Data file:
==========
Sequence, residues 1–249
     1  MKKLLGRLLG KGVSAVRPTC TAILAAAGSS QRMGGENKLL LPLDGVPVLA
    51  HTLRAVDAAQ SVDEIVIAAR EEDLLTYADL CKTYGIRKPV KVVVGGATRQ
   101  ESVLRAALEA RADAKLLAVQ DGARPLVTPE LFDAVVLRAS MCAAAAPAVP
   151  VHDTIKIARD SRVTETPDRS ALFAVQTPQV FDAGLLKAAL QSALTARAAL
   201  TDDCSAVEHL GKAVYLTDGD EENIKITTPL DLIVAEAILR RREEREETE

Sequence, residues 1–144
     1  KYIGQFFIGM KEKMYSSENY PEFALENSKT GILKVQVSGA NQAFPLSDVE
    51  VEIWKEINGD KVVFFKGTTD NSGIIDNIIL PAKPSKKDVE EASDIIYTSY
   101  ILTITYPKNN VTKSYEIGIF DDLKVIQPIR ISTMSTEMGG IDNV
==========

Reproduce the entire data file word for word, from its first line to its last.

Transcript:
Sequence, residues 1–249
     1  MKKLLGRLLG KGVSAVRPTC TAILAAAGSS QRMGGENKLL LPLDGVPVLA
    51  HTLRAVDAAQ SVDEIVIAAR EEDLLTYADL CKTYGIRKPV KVVVGGATRQ
   101  ESVLRAALEA RADAKLLAVQ DGARPLVTPE LFDAVVLRAS MCAAAAPAVP
   151  VHDTIKIARD SRVTETPDRS ALFAVQTPQV FDAGLLKAAL QSALTARAAL
   201  TDDCSAVEHL GKAVYLTDGD EENIKITTPL DLIVAEAILR RREEREETE

Sequence, residues 1–144
     1  KYIGQFFIGM KEKMYSSENY PEFALENSKT GILKVQVSGA NQAFPLSDVE
    51  VEIWKEINGD KVVFFKGTTD NSGIIDNIIL PAKPSKKDVE EASDIIYTSY
   101  ILTITYPKNN VTKSYEIGIF DDLKVIQPIR ISTMSTEMGG IDNV